One day in the late 1950s, or so the story goes, newspaper columnist Jimmy Breslin walked into the Manhattan offices of Diners Club with a big problem on his mind.

"Fat Thomas," a local bookmaker whose colorful antics were frequent fodder for Mr. Breslin's widely read articles, had been arrested after using a Diners Club credit card that had been reported stolen.

The bookie was facing serious jail time, which would cost Mr. Breslin a valued source, unless the $6,000 tab he had run up during a three-day dining spree was paid - and Fat Thomas clearly did not have the money.

"If you let Thomas off the hook," Mr. Breslin reportedly told the young Diners Club executive he met with that day, "I'll write six stories for Diners Club Magazine at a thousand (dollars) a pop, and you keep the money to pay off the credit card bill."

The marketer, always looking to enhance Diners Club's visibility through its trade publication, quickly agreed, and Fat Thomas was a free man.

"That story is exactly true," said the marketer, Matty Simmons, now 68, by phone last week from his office at Matty Simmons Productions in Marina Del Rey, Calif.

The Fat Thomas episode is one of many colorful recollections of the credit card industry's formative years that Mr. Simmons relates in his new book "The Credit Card Catastrophe," which is scheduled for release this month by Barricade Books.

While predicting that credit cards will eventually become the predominant form of payment in the United States, Mr. Simmons is highly critical of bankers for what he characterizes as their mismanagement.

"I've long had the feeling that banks should be exercising better controls," he said. "They're not doing right by the public, and they should do something about it. I thought that, since I was one of the guys who kind of gave birth to credit cards, I had the right to say this."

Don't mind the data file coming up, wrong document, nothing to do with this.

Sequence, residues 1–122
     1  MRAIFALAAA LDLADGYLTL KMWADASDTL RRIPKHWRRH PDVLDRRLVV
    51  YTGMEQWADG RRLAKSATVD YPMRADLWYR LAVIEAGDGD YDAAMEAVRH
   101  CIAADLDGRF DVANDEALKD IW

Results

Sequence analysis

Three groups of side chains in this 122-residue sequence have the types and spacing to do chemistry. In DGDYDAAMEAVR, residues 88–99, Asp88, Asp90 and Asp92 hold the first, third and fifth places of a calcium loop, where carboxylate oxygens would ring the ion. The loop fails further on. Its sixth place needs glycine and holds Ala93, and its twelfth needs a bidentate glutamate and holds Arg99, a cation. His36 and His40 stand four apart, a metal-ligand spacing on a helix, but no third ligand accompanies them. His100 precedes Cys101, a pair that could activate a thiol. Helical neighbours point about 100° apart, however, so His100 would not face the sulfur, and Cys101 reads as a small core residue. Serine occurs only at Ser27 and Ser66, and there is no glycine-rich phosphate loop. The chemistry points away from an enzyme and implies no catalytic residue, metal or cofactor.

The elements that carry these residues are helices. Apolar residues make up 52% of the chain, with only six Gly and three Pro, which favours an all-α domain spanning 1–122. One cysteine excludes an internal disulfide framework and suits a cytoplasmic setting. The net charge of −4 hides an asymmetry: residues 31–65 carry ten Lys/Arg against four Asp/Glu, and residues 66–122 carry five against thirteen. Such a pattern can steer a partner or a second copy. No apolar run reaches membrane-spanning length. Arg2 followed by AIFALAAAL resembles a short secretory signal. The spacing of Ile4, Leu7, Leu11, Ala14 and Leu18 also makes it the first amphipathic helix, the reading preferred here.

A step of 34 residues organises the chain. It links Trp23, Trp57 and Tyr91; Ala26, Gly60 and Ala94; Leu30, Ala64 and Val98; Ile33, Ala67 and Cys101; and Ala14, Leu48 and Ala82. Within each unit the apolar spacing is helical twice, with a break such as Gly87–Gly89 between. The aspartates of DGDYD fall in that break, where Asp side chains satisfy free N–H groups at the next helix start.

Mr. Simmons, who went on to become publisher of National Lampoon and Weight Watchers Magazine and producer of "Animal House" and the "Vacation" movies, entered the fledgling credit card industry in 1950 after a series of meetings with Diners Club founder Frank MacNamara.

Mr. MacNamara wanted Mr. Simmons, then a 23-year-old press agent with strong connections to several top New York City restaurants, to help promote his creation, a credit card for relatively wealthy individuals that would be honored at restaurants.

At that time it was a truly revolutionary concept - the first credit card that could be used in different locations, with a single monthly bill sent to its holder.

Putting a dramatic touch on his sales pitch, Mr. MacNamara invited Mr. Simmons to lunch one day at Major's Cabin Grill, a Manhattan restaurant frequented by business executives, where he presented the first Diners Club card to pay the bill.

"That first day, when Frank charged his bill, that was really exciting," said Mr. Simmons, who overcame an initial reluctance and agreed to endorse the new product.

Diners Club was a fairly immediate success, building a virtual monopoly in the credit card field until American Express entered the business in 1958. "The growth we saw was so rapid, so enormous," said Mr. Simmons.

He was executive vice president of sales and marketing at Diners Club until 1967, as well as editor in chief of Diners Club Magazine. He helped promote the broadening of its credit base, while expanding card acceptance to airlines, stores, insurance, car rentals, and movie theaters.

"Matty really put credit cards on the map in terms of public interest," said Joe Tilem, who was head of legal operations at Diners Club-West in Los Angeles during the 1950s, and later the mayor of Beverly Hills, where he now practices law.

"It was his idea to expand beyond restaurants into more generic uses," Mr. Tilem added. "He had the publicist's flair."

Mr. Simmons, who spoke to a variety of credit card players past and present in preparing his book, views the eventual dominance of credit cards as a given. He believes, for instance, that cash will eventually be rendered obsolete, perhaps by the middle of the 21st century.

By then, he writes, all purchases will be made through cards and computers, eliminating bank checks as well.

"Little by little, checks are already being phased out," said Mr. Simmons. "Credit cards are both more practical and profitable than checks. Banks would like nothing more than a checkless society."

Mr. Simmons indicates that a cashless society will offer Americans benefits beyond what even Frank MacNamara could have envisioned, such as a considerable diminution of theft and robbery.